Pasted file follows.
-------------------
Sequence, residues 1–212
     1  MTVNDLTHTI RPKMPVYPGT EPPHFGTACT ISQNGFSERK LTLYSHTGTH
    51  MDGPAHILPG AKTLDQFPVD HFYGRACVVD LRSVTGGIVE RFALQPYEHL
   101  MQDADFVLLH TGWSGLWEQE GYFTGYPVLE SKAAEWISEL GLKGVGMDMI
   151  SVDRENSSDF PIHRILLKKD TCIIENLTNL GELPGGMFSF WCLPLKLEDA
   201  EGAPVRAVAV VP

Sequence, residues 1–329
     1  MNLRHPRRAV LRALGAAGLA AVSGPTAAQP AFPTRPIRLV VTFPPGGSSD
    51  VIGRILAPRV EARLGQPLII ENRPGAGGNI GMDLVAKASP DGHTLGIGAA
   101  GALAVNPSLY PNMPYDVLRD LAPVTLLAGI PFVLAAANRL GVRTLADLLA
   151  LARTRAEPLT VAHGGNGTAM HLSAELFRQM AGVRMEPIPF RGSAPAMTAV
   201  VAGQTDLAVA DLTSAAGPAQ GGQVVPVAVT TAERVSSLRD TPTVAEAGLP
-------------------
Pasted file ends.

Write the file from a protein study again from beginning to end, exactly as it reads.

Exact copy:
Sequence, residues 1–212
     1  MTVNDLTHTI RPKMPVYPGT EPPHFGTACT ISQNGFSERK LTLYSHTGTH
    51  MDGPAHILPG AKTLDQFPVD HFYGRACVVD LRSVTGGIVE RFALQPYEHL
   101  MQDADFVLLH TGWSGLWEQE GYFTGYPVLE SKAAEWISEL GLKGVGMDMI
   151  SVDRENSSDF PIHRILLKKD TCIIENLTNL GELPGGMFSF WCLPLKLEDA
   201  EGAPVRAVAV VP

Sequence, residues 1–329
     1  MNLRHPRRAV LRALGAAGLA AVSGPTAAQP AFPTRPIRLV VTFPPGGSSD
    51  VIGRILAPRV EARLGQPLII ENRPGAGGNI GMDLVAKASP DGHTLGIGAA
   101  GALAVNPSLY PNMPYDVLRD LAPVTLLAGI PFVLAAANRL GVRTLADLLA
   151  LARTRAEPLT VAHGGNGTAM HLSAELFRQM AGVRMEPIPF RGSAPAMTAV
   201  VAGQTDLAVA DLTSAAGPAQ GGQVVPVAVT TAERVSSLRD TPTVAEAGLP